There are matrices for which the spectrum of \(\mat{A}\) and \(\mat{A}\mat{A}^T\) are identical. As an example, take

\[

\mat{A} = \begin{pmatrix}

\frac{1}{2} & 0 & \frac{1}{2} & 0 \\

0 & \frac{1}{2} & 0 & \frac{1}{2} \\

0 & 0 & 0 & 0 \\

0 & 0 & 0 & 0

\end{pmatrix}.

\]

Freaky, right? I wouldn’t have believed it. I know one class of matrices for which this is true, but it’s a bit funky: if \(\mat{C}\) and \(\mat{B}\) are rectangular matrices related in a nice way (essentially, \(\mat{B}\) is \(\mat{C}\) plus a perturbation that is orthogonal to the range space of \(\mat{C}\)), then \(\mat{A} = \mat{C} \mat{B}^\dagger\) has this property. Here \(\dagger\) denotes pseudoinversion. The proof of this special case is complicated, and not particularly intuitive. So I wonder if there’s a simpler proof for the general case.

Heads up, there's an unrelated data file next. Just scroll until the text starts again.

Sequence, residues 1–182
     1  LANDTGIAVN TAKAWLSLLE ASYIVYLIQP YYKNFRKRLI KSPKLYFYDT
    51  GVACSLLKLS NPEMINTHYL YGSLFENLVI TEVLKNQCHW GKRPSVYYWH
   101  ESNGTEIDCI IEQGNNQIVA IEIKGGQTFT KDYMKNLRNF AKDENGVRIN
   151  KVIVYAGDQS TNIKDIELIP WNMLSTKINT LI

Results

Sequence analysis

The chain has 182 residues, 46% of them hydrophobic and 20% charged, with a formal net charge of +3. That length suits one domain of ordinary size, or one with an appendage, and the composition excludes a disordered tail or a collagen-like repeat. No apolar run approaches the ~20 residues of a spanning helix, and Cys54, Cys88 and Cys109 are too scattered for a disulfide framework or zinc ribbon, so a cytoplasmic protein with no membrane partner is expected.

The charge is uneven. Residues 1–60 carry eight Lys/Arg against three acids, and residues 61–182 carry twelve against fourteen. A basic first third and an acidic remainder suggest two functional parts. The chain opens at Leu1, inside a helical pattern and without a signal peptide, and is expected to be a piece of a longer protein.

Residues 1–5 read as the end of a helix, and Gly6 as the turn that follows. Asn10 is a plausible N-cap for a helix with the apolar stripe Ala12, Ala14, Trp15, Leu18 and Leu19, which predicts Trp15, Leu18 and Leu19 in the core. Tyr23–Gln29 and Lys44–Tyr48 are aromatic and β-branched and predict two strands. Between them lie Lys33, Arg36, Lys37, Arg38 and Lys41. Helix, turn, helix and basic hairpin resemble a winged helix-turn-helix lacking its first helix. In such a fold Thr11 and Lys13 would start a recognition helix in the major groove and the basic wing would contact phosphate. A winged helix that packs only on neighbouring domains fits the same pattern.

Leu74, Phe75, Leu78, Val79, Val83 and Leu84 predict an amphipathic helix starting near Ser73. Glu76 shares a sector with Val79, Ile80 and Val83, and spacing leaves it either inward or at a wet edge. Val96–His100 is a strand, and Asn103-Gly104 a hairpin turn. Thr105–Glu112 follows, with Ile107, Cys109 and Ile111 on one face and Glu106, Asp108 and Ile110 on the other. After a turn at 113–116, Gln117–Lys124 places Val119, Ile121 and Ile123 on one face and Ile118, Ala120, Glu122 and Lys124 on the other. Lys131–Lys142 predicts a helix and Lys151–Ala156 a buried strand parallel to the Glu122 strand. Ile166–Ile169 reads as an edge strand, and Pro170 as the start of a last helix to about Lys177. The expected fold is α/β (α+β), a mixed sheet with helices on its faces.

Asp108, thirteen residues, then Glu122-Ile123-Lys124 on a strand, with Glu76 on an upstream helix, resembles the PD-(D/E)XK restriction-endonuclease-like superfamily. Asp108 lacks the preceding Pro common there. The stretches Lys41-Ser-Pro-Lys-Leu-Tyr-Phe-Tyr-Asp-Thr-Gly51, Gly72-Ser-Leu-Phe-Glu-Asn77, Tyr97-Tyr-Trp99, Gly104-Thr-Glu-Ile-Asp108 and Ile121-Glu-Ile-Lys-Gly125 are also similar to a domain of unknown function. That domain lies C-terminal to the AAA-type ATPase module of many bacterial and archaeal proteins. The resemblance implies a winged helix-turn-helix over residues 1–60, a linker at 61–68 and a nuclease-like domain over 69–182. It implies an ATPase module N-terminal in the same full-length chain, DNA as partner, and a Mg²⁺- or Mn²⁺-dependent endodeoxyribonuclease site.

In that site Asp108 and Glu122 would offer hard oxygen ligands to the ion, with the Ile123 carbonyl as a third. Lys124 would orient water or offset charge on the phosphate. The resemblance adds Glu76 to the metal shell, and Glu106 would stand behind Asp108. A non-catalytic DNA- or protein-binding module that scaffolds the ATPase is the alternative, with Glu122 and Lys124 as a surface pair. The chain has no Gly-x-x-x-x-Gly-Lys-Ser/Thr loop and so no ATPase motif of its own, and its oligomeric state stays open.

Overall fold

# when do \(A\) and \(AA^T\) have the same spectrum?

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